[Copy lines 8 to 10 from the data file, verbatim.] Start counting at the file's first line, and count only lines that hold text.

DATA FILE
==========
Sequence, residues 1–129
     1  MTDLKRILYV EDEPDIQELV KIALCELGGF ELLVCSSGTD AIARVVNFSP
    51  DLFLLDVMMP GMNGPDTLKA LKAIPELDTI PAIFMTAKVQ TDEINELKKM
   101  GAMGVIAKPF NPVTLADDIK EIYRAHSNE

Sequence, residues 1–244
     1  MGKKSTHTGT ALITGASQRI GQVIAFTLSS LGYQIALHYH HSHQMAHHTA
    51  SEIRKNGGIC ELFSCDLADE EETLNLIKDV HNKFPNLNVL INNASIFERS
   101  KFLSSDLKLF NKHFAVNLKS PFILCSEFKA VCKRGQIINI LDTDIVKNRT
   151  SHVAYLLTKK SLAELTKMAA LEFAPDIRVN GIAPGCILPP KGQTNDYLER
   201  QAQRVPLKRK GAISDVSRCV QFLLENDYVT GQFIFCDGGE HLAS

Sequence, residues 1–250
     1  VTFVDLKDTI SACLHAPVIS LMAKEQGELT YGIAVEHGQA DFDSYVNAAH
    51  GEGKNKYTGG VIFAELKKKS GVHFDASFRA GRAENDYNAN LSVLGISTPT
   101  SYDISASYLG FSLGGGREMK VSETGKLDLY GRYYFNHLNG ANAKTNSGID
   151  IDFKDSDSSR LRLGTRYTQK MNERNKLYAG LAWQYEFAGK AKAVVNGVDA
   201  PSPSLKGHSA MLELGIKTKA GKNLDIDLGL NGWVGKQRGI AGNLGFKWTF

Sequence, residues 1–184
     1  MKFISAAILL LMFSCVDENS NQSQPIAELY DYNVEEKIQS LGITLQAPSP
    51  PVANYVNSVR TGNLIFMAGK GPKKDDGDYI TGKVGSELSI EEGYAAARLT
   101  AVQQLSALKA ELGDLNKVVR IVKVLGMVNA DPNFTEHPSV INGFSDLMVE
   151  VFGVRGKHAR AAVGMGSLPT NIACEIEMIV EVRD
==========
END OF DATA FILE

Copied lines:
   101  KFLSSDLKLF NKHFAVNLKS PFILCSEFKA VCKRGQIINI LDTDIVKNRT
   151  SHVAYLLTKK SLAELTKMAA LEFAPDIRVN GIAPGCILPP KGQTNDYLER
   201  QAQRVPLKRK GAISDVSRCV QFLLENDYVT GQFIFCDGGE HLAS